A couple that makes $75,000 a year took $50,000 out of their retirement plan to cover some expenses they had that year. When the couple took the money out of their retirement plan, the insurance company told them to withhold 15% for taxes and said that amount
would cover the taxes and early withdrawal fees associated with the distribution.
Now, there are two issues with this.
- The first issue is that insurance companies cannot advise their clients on tax-related issues. They are not tax professionals.
- The second issue is that the couple making $75,000 (jointly) is in the 12% tax bracket. By taking a $50,000 distribution from their retirement account (which is included in taxable income,) the $50,000 distribution now moves the couple into the next tax bracket of 22%. This causes the couple to under-withhold from their retirement distribution and now the couple owes an additional $5,000 on their tax return.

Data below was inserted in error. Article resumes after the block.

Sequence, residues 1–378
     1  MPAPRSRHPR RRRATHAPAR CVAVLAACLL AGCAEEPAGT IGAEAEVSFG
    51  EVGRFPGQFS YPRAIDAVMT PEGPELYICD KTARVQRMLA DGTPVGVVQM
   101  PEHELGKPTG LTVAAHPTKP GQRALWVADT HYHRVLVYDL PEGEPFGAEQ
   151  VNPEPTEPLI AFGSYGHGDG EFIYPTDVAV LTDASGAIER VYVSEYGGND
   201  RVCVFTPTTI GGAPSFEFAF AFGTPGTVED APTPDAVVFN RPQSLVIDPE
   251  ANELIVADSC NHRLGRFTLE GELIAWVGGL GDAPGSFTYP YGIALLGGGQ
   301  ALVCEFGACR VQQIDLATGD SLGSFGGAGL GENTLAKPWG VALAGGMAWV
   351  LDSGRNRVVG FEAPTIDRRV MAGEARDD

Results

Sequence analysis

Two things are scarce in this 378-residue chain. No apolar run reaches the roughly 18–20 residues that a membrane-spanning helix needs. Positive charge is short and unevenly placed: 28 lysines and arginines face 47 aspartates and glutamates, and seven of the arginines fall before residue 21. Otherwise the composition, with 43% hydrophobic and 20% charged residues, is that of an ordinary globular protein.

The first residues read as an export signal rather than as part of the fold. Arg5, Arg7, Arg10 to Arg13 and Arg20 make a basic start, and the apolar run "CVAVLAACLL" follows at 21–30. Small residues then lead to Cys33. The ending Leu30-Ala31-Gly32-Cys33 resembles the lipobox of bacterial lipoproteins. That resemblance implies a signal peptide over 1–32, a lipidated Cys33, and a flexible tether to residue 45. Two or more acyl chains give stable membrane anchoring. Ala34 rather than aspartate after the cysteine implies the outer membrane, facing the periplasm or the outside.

Like most horror stories, there is a lesson to be learned out of this. If you are going to take money out of your retirement account, please call us. We can do an income tax projection for you to show how the distribution will affect your taxes, or at the very least, advise you on what to withhold from the distribution. This applies to:
- Regular distributions from retirement plans
- Conversions to Roth IRAs
- Payouts of retirement plans
- If you leave a company, you can have your retirement plan distributed or rolled into a traditional IRA
Taking a distribution can result in a 10% penalty for early withdrawal (before age 59 ½.) For more information on this, please see our blog post on Roth and Traditional IRAs.